1. Get Acclimatized to the Rigorous Schedule
An adjustment that can't be overstated is how grueling the pro hockey grind is compared to U.S. college hockey. This year with Boston College, Gaudreau played only 40 games. Last year, he played 35 games. At 76 games, the American Hockey League regular season is longer than his past two NCAA seasons combined. And that's not even factoring in the playoffs and the possibility of up to 28 more games. So at minimum, you're looking at double the amount of hockey games than you're accustomed to.
Then, there's the travel. While playing at the Boston College campus in Chestnut Hill, Massachusetts, many of their road trips were in-state to places such as Boston, Cambridge, Lowell, Worcester and Andover. In contrast, there are no in-province trips for Abbotsford. In fact, nothing remotely close. Instead, we're talking about lengthy journeys to the likes of Des Moines, Iowa. Or Utica, New York. Or Cedar Park, Texas. Or Cleveland, Oklahoma City, Hamilton, Toronto, etc.
Boston College traveled a total distance of 14,000 km this season. They left the Eastern time zone only once for a weekend trip to Minneapolis and two games with the University of Minnesota.
In comparison, by the time Abbotsford's 2013-14 regular season ends -- so this doesn't include the playoffs, the Heat will have travelled over 95,000 km, nearly seven times the distance.
If you travel regularly -- for work or otherwise, you'll know that it is never as glamorous as people think -- especially in the minors. Delayed flights, cancelled flights, malfunctions, weather delays, bus detours. It can be and often is exhausting.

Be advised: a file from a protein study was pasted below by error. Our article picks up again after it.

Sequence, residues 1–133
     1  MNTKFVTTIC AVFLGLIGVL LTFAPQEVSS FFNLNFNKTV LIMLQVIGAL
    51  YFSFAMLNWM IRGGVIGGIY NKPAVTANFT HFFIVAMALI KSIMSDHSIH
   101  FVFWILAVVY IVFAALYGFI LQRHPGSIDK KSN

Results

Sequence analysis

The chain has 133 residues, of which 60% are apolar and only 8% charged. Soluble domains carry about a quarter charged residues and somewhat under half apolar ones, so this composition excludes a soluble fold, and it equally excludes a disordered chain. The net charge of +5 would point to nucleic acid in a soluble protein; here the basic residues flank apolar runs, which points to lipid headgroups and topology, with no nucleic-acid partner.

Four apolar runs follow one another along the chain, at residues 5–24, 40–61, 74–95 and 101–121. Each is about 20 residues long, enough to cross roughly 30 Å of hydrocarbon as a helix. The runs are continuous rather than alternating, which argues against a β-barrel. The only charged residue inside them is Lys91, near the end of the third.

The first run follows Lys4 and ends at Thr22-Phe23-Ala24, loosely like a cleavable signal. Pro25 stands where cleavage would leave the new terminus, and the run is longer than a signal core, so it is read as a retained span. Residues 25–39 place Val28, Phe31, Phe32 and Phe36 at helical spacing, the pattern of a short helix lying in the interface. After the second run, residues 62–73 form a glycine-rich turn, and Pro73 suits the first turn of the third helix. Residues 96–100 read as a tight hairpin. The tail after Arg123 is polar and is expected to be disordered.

2. Opposing Bigger, Stronger Players
For Gaudreau, his diminutive size is the story line that will never, ever go away. He's listed on the Flames roster as 5-foot-9 and 150 pounds although he says he's more like 160. Based on official rosters of all 30 teams maintained by the NHL, 150 would make Gaudreau the lightest player in the NHL and 160 still lands him in the bottom five of over 970 players (second lightest is Flames teammate, Paul Byron). The adjustment Gaudreau will face in the NHL of playing against bigger, stronger and older players is going to be considerable, there is no denying.
The good news is the AHL provides a very similar proving ground.
For example, the Flames play Vancouver on Sunday. The Canucks roster averages 6-foot-1 and 200 pounds. Comparably, Abbotsford plays Oklahoma City on Sunday. The Barons roster averages 6-foot-1 and 195 pounds.